The rest of the movie is just a mess, though. Events play out in a VERY cookie cutter fashion, with the audience knowing beforehand that something amiss is going to happen, but just waits as the spirits commune with Mikey and lay waste to the rest of the house. I don’t mind a clichéd story in a horror film, as long as it’s either bloody as all get out, or reasonably creepy. Sadly “The Darkness” is neither, with a solid PG-13 rating that relies on the “boo!” effect to create any real scares or jumps. No blood, no real terror, and no real setup to the last act. We spend LITERALLY an hour with barely anything happening besides some strange events, and it’s not till the last 30 minutes of the film that we get ANY explanation of what the spirits are, what they want, and what they even LOOK like. The rest of the time is just a 2/3rd of a movie buildup that feels like it could have been done in half the time.
Rated PG-13 for thematic elements, some disturbing violence, brief sensuality and language
[img]http://www.hometheatershack.com/gallery/file.php?n=78602[/img]I couldn’t find any direct references to the cameras used to film “The Darkness”, but it definitely is shot with digital cameras as the image is just too clean and clear to not be (unless they’re using some REALLY high quality film stock, which doesn’t jive with the ultra-cheap budget given to the Australian film). The resulting image is one that is clean and clear of any major imperfections except for some minimal digital noise in a few darker scenes, such as when young Michael falls down into the cave at the beginning of the movie. The color scheme tends to lean towards a sandy and dusty look with a slight yellow filter during the opening act, but once the family returns back to suburbia the colors drift towards a more neutral, if still ever so slightly yellowed coloring. Primaries are strong, but flesh tones look a bit yellowish and the black levels remain inky deep, no matter the situation. Despite the afore mentioned digital noise that crops up in very minor amounts, the image is pristine and superbly detailed throughout.
[img]http://www.hometheatershack.com/gallery/file.php?n=78610[/img]Like most modern horror movies, “The Darkness sports a hefty and rather aggressive audio mix that feeds off of jump scares and loud things that go crash in the night. Dialog is always crisp and localized in the front center portion of the screen, and the front sound stage shows some nice panning effects and localization in the placement of certain noticeable sounds (listen to the faucet running the first time it’s found on its own). LFE is punishing and powerful throughout, adding plenty of bangs and crashes to the experience that really make the audience jump (if they’re not expecting it). Like usual, the surrounds are used with lots of creepy music making its way into the score and the little tinks and clanks that make up the majority of the creaks and groans of your typical horror mix. I did notice that the bass felt a bit sparse in some sequences and also a bit like a one note boom at times. It’s not very noticeable or very distracting, but the thickness of the LFE channel is noticeable if you know what to listen to.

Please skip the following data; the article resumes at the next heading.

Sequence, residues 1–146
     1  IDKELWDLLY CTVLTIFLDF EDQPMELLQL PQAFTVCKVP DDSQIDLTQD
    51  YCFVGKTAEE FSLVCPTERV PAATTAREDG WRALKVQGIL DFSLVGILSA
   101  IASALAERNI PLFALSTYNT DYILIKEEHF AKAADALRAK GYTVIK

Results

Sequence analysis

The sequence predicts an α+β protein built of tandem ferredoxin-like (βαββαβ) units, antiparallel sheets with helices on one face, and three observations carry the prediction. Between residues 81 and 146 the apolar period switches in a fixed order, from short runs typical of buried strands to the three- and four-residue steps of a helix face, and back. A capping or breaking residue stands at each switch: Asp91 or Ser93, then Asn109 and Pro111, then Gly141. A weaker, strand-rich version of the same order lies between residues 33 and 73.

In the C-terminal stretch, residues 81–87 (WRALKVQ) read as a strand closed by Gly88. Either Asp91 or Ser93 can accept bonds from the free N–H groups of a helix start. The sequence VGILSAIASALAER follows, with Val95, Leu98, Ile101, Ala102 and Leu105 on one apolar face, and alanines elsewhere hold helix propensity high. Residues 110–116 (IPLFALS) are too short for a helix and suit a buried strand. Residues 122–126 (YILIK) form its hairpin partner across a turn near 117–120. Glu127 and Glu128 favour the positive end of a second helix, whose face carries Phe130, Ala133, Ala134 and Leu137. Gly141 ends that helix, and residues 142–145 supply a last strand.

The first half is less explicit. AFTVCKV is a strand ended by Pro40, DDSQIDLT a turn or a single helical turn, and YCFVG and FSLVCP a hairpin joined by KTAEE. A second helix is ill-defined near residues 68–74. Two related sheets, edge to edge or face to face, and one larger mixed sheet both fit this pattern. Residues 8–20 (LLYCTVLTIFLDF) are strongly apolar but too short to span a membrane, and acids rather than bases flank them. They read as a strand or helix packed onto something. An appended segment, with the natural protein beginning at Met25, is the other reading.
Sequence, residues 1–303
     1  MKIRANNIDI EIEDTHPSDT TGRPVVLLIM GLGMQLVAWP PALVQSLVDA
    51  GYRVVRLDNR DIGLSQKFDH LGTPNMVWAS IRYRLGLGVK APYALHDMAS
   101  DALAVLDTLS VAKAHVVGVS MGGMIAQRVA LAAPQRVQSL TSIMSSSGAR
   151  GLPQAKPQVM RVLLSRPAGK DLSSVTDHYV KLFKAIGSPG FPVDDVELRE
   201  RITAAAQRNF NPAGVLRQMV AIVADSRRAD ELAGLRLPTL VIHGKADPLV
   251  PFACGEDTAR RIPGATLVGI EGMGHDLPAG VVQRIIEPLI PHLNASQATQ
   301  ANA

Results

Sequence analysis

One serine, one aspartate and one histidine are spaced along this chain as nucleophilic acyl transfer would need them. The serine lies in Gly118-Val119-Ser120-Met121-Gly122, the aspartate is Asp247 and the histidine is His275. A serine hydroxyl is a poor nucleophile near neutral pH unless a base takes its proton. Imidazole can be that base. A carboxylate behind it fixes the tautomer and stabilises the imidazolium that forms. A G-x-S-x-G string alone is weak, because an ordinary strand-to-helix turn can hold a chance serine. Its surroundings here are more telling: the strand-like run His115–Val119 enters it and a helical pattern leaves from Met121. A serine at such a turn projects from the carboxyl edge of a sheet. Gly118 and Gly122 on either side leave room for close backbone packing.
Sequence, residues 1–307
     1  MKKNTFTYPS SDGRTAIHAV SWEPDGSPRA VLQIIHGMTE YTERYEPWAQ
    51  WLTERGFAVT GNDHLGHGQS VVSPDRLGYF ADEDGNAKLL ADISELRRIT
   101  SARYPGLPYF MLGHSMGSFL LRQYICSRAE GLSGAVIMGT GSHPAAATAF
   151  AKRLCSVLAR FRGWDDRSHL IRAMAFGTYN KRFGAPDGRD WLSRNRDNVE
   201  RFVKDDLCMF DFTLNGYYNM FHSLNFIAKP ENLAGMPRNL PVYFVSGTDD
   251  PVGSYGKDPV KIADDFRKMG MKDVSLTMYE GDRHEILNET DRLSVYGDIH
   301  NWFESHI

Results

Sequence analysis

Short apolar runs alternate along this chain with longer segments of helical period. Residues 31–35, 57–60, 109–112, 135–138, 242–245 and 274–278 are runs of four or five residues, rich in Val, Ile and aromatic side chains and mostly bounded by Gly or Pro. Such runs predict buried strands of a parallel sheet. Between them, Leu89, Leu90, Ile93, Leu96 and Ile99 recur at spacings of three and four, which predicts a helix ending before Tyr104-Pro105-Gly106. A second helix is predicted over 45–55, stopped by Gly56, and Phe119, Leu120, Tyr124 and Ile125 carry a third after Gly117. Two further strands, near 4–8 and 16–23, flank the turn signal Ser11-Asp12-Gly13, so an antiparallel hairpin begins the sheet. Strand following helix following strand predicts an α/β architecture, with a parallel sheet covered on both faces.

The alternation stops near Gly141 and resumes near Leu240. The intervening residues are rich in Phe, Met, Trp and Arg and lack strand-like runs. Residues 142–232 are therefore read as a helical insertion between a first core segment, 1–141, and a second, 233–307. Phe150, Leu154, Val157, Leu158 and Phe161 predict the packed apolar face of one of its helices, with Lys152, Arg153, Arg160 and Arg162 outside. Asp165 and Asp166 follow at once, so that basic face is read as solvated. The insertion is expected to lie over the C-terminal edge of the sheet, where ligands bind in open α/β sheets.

• Alternate Ending
• Deleted Scenes
“The Darkness” is not a good horror film, despite the addition of Director Greg McLean. The haunted house genre is well worn, but still can be quite effective in creating some scares, but “The Darkness” is just an all-around tepid experience. There is nothing that’s overtly WRONG about the movie, besides the fact that it fails to elicit any scares, whether that be through jumping and surprise or actual creepiness. The film just plods along at an inexorably slow pace leaving the viewer tempted to look at their watch more than a few times in the relatively short 93 minutes from opening to closing. Sadly, even the novelty of Michael being an Autistic child who can see the spirits fades rather quickly once you realize the plot is going nowhere fast. Good audio and great video are about the only thing that make watching the film worthwhile. Skip it.
Starring: Kevin Bacon, Radha Mitchell, David Mazouz, Lucy Fry
Directed by: Greg McLean
Written by: Shayne Armstrong, Shane Krause
Aspect Ratio: 2.40:1 AVC
Audio: English: DTS-HD MA 5.1, Spanish, French DTS 5.1
Runtime: 93 Minutes
Blu-Ray Date: September 6th 2016
Buy The Darkness On Blu-ray at Amazon
Recommendation: Skip It